The application of control measures in the food chain, from primary production, through processing, to consumption, is used to control potential food safety hazards. Validation of control measures demonstrates that they are capable of achieving the intended level of hazard control.

1. What is Validation?

Validation is the process of obtaining evidence that a control measure or combination of control measures, if properly implemented, is capable of controlling the hazard to a specified outcome. For example, sanitizer in product wash water is effective in preventing cross contamination.

2. Why is Validation Necessary?

It confirms that the measures being used will control the hazards related to the food product.

3. How is Validation Performed?

Validation focuses on the collection and evaluation of scientific, technical and observational information to determine whether control measures are capable of achieving their specified outcomes. Examples include:

  • Collection of data during operating conditions
  • Scientifically valid experimental data that demonstrates the adequacy of the control measure (e.g. laboratory challenge testing demonstrating log reduction of a specified pathogen)
  • Mathematical models, such as pathogen growth models, to assess the impact of changes in pH and water activity on the control of pathogen growth
  • Reviewing Health Canada guidelines
  • Reviewing processing authority documents, instructions, or research
  • On-site studies, research or historical data
  • Reference to legally defined Critical Control Points (e.g. thermal processing for the pasteurization of milk)

4. Validation vs. Monitoring vs. Verification

Validation is different from monitoring and verification. The table below provides an explanation and comparison of validation, monitoring and verification.

Validation Monitoring Verification
Is this the right thing to do? Does it still work? Are the operations being done as intended? Is what should be done getting done?
Obtaining evidence such as (testing, experimenting, or statistical analysis) to prove the control measure is working effectively The act of conducting a planned sequence of observations or measurements of control parameters to assess whether a control measure is under control Application of methods, procedures, tests and other evaluations (in addition to monitoring) to determine whether a control measure is operating as intended


New cleaning and sanitation program implemented. Accredited laboratory performs sampling on-site, and microbial analysis to provide evidence that the program is capable of eliminating pathogens


Each time the cleaning and sanitation procedure is performed, a monitoring device (e.g. ATP swabs) are used to determine the effectiveness of the treatment.


Supervisor checks monitoring logs regularly to verify monitoring has been done and documented to ensure completeness and compliance to the monitoring requirements. Weekly microbial sampling of cleaned and sanitized surfaces sent to an accredited lab to ensure the program is eliminating pathogens (i.e. operating as intended)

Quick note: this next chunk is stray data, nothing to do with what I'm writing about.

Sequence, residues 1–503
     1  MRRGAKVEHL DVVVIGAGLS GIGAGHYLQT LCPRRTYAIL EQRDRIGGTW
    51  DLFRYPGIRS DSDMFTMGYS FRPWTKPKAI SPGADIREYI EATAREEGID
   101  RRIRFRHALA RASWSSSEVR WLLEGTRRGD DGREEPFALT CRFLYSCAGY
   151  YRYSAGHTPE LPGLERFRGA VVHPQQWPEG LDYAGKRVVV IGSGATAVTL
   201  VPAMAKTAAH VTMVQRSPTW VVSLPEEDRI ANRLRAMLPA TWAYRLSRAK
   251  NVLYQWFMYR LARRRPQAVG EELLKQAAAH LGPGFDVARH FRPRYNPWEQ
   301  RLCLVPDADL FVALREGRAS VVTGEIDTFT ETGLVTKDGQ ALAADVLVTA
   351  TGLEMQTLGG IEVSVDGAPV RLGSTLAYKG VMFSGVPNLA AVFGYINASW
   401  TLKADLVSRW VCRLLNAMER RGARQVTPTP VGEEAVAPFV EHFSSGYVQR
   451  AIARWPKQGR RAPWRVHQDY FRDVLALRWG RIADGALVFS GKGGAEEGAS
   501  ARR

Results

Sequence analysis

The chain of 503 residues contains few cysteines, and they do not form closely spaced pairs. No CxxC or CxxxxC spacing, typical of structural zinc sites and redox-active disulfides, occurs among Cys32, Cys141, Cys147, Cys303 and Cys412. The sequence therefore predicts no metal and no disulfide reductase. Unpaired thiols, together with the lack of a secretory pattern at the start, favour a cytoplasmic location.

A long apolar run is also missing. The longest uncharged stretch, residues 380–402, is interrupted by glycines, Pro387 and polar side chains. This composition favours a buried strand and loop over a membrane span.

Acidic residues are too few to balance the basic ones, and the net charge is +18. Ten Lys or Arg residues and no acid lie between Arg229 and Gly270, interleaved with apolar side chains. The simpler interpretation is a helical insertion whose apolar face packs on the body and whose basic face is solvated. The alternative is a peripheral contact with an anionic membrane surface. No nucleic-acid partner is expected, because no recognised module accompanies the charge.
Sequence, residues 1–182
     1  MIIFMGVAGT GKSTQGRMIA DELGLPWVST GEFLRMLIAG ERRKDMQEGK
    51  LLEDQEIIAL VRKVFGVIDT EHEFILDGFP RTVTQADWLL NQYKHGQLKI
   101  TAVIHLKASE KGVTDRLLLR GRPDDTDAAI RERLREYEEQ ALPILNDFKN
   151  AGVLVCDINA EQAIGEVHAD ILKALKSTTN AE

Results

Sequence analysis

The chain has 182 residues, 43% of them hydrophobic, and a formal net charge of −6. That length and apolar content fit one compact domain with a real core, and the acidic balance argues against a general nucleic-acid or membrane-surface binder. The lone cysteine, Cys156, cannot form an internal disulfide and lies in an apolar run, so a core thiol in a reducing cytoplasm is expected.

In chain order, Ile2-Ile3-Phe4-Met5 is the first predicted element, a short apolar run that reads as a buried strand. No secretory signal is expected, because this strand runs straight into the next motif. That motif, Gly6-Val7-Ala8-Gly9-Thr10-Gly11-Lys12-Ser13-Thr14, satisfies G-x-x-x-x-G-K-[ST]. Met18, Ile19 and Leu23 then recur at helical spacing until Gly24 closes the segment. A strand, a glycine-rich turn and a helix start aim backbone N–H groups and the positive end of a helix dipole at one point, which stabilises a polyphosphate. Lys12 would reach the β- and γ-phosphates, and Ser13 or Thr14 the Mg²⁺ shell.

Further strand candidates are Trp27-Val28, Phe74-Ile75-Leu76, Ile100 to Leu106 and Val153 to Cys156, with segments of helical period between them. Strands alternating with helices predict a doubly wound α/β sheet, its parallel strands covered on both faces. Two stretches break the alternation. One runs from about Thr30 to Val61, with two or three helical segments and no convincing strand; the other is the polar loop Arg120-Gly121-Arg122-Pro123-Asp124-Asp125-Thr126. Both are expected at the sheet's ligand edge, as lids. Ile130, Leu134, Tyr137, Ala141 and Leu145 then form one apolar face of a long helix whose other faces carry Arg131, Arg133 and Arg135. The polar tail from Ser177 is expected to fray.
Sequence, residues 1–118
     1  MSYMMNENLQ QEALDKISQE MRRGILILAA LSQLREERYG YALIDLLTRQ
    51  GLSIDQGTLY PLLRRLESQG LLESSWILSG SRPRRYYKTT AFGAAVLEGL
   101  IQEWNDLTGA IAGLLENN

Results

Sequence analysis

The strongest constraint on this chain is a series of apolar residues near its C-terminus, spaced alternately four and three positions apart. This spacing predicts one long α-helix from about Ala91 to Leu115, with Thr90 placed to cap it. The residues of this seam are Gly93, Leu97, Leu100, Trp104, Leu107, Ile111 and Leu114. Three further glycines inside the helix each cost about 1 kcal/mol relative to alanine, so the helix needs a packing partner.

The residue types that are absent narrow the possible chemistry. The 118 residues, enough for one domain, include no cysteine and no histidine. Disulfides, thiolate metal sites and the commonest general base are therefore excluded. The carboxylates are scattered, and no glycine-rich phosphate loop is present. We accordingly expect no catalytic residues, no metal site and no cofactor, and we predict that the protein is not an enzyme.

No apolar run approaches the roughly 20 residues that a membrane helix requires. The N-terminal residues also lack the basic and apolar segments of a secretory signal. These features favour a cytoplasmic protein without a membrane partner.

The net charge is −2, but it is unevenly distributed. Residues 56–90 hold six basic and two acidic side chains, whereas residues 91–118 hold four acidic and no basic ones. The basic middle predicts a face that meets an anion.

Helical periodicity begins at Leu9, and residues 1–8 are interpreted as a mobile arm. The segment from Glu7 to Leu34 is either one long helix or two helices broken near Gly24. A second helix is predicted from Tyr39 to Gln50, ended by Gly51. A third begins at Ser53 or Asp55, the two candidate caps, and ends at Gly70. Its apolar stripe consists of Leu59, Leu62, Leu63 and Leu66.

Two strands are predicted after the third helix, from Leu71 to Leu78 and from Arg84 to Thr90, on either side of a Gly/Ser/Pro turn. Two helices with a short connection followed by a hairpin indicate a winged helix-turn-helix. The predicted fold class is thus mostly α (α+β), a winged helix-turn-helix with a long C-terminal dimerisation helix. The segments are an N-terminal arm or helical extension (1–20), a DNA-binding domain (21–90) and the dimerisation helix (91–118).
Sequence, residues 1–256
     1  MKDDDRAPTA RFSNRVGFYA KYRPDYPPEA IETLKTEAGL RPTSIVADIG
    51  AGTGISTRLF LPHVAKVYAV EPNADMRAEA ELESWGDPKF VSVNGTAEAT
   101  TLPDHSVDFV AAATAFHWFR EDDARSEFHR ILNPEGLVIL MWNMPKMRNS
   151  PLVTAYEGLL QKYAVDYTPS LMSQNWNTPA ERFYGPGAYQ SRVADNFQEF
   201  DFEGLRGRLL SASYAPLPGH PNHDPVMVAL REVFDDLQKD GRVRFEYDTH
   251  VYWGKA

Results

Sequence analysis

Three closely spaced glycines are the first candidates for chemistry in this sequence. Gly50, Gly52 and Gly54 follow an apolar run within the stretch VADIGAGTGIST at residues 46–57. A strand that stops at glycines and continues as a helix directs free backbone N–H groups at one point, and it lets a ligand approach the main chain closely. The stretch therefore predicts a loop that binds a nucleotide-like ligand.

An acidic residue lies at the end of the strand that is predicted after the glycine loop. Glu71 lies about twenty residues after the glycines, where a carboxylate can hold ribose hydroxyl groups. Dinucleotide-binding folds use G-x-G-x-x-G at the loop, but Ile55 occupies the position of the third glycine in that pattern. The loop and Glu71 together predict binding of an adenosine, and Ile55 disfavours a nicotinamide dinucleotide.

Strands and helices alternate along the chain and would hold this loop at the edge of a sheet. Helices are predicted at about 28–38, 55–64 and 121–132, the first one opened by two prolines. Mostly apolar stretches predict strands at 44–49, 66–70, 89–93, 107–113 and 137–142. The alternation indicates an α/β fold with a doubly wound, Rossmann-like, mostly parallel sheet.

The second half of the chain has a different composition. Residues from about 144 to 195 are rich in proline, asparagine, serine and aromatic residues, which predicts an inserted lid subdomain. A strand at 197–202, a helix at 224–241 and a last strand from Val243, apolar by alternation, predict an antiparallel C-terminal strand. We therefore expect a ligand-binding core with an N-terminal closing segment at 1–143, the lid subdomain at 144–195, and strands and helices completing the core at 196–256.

5. Where does Validation Occur?

Validation of control measures occurs at any stage of the food chain. All control measures within the preventive food safety control system, including good manufacturing practices and/or pre-requisite programs, should be validated. Examples include the validation of:

  • Cleaning and sanitizing programs
  • Process water/irrigation water/wash water quality
  • Clean-in-place equipment
  • Cooking process to manufacture ready-to-eat foods
  • Categorization of ready-to-eat foods as per the Health Canada Listeria policy
  • Critical Control Points in a HACCP plan
  • Microbial control interventions for the treatment of carcasses and their parts
  • Thermal or non-thermal processes for foods of plant origin products, such as pasteurization, or canning

6. When is Validation Performed?

Validation is performed at the time a control measure or a food safety control system is designed, or when changes indicate the need for re-validation. Validation of control measures is, whenever possible, performed before their full implementation. All control measures should be validated periodically (for example, once a year).

7. Who Performs Validation Studies?

Producers and processors are responsible for the validation of control measures. A validation team with appropriate expertise and knowledge can be used, but be sure to include representatives who are knowledgeable of the relevant products, manufacturing, storage, distribution and handling processes. This could include people from sanitation, quality assurance, maintenance and engineering.

Governments (e.g. Health Canada) may provide guidance to industry on how to conduct validation studies and how validated control measures may be implemented.

8. Validation - Where to Begin?

You can begin your validation studies by:

  • Referring to scientific or technical literature, previous validation studies or historical data
  • Collecting data during operation
  • Contacting an accredited third party

9. Additional Information

10. Questions? Contact Us

Does your operation take all the necessary steps to ensure your product is safe? Do you follow the best practices to prevent, detect and control risks? We can help you improve upon the good work you are already doing.

For more information:
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Author: OMAFRA Staff
Creation Date: 7 February 2014
Last Reviewed: 08 June 2018